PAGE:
Brooklyn Nets: 10 best players from 2nd NBA decade (1986-96)

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Brooklyn Nets

EAST RUTHERFORD, N.J. – 1993: Sam Bowie #31 of the New Jersey Nets rebounds against the Chicago Bulls during a game played circa 1993 at the Brendan Byrne Arena in East Rutherford, New Jersey. NOTE TO USER: User expressly acknowledges and agrees that, by downloading and or using this photograph, User is consenting to the terms and conditions of the Getty Images License Agreement. Mandatory Copyright Notice: Copyright 1993 NBAE (Photo by Nathaniel S. Butler/NBAE via Getty Images)

The Brooklyn Nets entered their 2nd decade in the NBA with 5 straight playoff trips. Dark times loomed, but here are their 10 best players from 1986-96.

The New Jersey Nets — now known as the Brooklyn Nets — had made five consecutive postseason appearances coming out of their first decade in the NBA, but hard time were straight ahead on the horizon.

The Nets fell from 39 wins in 1985-86 to just a 24-58 record in 1986-87 and they would be a non-entity for the next five seasons, losing at least 56 games every year and burning through three head coaches and an interim head coach in that span.

Dave Wohl was fired 15 games into the 1987-88 season after a 2-13 start and replaced by interim head coach Bob MacKinnon, who went 10-29 before former New York Knicks great (and former head coach) Willis Reed was hired late in the year.

The Nets were 7-21 under Reed to finish 19-63, their worst record since joining the NBA and the second-worst winning percentage (.232) to that point in franchise history, ahead of only the 1968-69 New York Nets club that was 17-61 (.218).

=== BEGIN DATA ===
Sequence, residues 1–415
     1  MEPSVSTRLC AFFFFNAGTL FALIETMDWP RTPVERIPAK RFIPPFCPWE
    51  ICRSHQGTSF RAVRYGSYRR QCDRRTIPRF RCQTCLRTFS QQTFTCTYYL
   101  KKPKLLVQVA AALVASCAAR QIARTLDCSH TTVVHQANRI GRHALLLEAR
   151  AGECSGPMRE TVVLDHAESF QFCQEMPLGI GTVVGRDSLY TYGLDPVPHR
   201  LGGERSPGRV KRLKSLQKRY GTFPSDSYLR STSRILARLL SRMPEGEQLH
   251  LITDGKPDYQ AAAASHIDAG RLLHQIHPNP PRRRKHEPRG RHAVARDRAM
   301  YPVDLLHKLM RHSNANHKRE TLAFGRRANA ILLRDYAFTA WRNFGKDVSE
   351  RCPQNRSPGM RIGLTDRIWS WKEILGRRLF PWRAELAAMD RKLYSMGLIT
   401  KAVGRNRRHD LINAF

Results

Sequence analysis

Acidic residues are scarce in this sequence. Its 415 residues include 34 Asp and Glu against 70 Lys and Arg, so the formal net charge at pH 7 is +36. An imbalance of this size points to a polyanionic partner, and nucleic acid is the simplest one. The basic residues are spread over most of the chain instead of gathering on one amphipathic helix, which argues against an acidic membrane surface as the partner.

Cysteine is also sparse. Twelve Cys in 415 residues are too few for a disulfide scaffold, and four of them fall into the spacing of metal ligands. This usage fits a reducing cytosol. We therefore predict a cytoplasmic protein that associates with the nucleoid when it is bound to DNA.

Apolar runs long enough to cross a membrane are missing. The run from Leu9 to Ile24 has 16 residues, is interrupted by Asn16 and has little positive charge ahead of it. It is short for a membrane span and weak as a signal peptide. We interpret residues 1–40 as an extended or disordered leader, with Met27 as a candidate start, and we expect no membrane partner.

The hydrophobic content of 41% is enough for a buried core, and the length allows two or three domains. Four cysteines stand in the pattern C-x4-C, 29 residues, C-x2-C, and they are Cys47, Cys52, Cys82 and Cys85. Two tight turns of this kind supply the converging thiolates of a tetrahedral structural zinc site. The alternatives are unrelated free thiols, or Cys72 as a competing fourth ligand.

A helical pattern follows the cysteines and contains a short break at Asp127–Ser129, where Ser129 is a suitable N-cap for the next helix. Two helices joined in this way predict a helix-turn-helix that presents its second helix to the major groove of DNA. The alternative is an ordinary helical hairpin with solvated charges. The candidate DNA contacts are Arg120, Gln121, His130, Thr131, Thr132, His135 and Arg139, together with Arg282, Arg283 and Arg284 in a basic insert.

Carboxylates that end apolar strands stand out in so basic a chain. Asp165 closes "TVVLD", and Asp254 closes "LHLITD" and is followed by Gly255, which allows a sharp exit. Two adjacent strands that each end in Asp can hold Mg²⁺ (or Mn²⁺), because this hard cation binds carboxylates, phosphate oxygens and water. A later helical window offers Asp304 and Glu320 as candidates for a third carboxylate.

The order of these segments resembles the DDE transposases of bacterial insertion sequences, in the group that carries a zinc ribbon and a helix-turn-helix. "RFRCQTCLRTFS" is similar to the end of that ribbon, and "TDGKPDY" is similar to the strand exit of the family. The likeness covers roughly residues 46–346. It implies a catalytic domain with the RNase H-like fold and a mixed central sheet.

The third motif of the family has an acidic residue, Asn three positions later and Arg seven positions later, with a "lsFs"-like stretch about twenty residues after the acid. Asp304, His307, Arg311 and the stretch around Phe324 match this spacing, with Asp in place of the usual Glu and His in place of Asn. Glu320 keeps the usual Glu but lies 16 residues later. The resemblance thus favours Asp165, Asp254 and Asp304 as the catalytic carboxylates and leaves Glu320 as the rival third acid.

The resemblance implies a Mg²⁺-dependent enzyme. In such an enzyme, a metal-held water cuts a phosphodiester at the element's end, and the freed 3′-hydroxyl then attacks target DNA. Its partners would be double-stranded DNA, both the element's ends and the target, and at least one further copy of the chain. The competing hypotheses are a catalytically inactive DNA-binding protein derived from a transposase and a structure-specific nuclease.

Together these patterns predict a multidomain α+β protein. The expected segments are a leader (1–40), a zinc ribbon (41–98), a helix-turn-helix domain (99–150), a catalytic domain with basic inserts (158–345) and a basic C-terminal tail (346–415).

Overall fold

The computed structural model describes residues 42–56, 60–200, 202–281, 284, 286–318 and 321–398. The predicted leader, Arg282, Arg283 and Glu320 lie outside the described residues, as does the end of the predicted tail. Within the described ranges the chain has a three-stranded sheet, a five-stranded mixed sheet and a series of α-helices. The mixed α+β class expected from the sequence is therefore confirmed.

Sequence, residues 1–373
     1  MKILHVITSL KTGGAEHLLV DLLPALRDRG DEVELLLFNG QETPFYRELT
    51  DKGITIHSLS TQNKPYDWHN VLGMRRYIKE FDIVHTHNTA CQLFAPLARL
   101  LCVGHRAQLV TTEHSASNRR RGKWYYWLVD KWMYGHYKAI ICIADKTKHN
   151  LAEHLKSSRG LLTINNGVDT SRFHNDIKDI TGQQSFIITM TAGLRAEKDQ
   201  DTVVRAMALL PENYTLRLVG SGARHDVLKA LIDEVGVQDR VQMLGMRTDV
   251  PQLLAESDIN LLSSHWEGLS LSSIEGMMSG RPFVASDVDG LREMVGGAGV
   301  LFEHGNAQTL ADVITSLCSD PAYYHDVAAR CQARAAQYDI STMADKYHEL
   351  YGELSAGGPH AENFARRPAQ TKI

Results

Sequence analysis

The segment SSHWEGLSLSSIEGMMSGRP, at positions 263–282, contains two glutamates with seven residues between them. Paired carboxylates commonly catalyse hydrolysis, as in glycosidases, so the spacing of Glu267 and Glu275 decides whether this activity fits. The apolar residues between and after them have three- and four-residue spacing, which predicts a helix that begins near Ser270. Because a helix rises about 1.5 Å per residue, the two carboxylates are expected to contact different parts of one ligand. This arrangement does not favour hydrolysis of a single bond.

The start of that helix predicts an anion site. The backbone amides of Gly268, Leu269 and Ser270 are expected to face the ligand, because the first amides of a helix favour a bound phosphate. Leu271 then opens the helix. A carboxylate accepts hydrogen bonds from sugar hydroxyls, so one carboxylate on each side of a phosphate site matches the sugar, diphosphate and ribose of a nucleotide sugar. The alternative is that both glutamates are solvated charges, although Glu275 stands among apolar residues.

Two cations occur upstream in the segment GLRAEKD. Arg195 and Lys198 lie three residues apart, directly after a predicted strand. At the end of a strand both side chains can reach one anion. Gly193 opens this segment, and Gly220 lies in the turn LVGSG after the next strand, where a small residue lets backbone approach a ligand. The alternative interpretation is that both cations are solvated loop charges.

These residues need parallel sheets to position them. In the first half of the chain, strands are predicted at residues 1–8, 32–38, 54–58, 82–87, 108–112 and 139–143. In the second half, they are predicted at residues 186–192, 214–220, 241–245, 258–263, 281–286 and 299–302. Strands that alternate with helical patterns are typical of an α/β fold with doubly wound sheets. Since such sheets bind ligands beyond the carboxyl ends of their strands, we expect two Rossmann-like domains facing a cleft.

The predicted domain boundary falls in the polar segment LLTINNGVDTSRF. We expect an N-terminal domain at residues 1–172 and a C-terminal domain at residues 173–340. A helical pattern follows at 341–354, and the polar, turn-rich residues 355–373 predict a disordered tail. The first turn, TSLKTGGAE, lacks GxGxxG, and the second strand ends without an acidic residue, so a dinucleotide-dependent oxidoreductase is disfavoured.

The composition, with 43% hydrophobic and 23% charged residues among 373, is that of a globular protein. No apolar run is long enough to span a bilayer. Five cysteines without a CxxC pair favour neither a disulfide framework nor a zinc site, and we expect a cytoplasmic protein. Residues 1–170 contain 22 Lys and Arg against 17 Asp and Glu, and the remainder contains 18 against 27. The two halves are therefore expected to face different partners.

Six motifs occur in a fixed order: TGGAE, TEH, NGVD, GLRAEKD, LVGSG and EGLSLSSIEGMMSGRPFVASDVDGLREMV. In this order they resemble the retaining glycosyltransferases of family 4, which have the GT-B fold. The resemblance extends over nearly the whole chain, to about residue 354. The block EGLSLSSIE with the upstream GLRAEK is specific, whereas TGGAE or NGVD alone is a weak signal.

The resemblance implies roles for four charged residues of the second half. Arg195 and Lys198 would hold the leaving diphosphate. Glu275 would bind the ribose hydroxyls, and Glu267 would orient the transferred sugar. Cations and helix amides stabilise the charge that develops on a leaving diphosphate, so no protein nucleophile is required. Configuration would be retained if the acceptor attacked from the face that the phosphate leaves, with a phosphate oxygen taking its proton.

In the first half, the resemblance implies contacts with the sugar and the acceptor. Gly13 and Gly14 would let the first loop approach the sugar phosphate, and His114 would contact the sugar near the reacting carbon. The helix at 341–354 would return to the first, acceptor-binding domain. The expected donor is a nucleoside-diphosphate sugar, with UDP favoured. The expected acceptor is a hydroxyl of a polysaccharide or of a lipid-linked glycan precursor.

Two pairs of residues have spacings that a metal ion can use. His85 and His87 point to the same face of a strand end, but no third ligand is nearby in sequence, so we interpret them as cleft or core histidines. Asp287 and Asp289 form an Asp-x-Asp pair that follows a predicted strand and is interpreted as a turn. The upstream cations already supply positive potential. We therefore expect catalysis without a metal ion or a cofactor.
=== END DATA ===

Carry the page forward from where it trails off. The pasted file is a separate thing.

It didn’t get much better in Reed’s first full season, a 26-56 finish that ended with Reed vacating the spot on the front of the New Jersey bench to the front office as GM.

He hired Bill Fitch, a two-time NBA Coach of the Year with the Cleveland Cavaliers and Boston Celtics who had led the Celtics to the 1981 NBA title and taken the Houston Rockets to the NBA Finals in 1986.

In Fitch’s first season, the Nets were a franchise-worst 17-65 and improved to 26-56 in 1990-91 after getting first overall pick Derrick Coleman.

In 1991-92, the Nets won 40 games and returned to the postseason, losing to Cleveland in four games in the first round after adding No. 2 overall pick Kenny Anderson.

Fitch resigned at the end of the season and Reed scored a coup by luring future Hall of Fame coach Chuck Daly from the Detroit Pistons. The Nets were improved, but struggled after Anderson broke his wrist in February and finished 43-39, their first winning record since 1984-85.

Even without Anderson available, New Jersey pushed Cleveland to the full five games in the first round before being eliminated.

The franchise was rocked in June 1993 by the death of All-NBA shooting guard Drazen Petrovic, who was killed when the car he was riding in crashed on the autobahn in Germany.

New Jersey shook off the loss of Petrovic and won 45 games before losing to the Knicks in four games in the first round.

Daly resigned after the season and was replaced by Reed’s former assistant coach in New York, Butch Beard, who had just been fired as head coach at Howard University.

The 1994-95 season was basically a disaster. The Nets used a first-round pick on George Washington center Yinka Dare, Coleman missed 28 games with injuries, shooting guard Kevin Edwards missed 68 with a ruptured Achilles and New Jersey collapsed to 30-52.

The young core of Coleman and Anderson was dismantled the following season, with Coleman traded to the Philadelphia 76ers and Anderson dealt to the Charlotte Hornets.

The Nets closed their second NBA decade with another 30-52 mark — strangely appropriate as they were 300-520 for the 10-year period from 1986-96 and made just three playoff appearances.

It was a decade marked by bad trades, bad draft picks (lest we forget the immortal Dennis Hopson, taken third overall in 1987) and general bad luck.

There were some bright spots along the way, even amidst all the losing. Here are the Nets’ 10 best players for their second NBA decade, from the 1986-87 season through 1995-96, with a minimum of 150 games played in the period.

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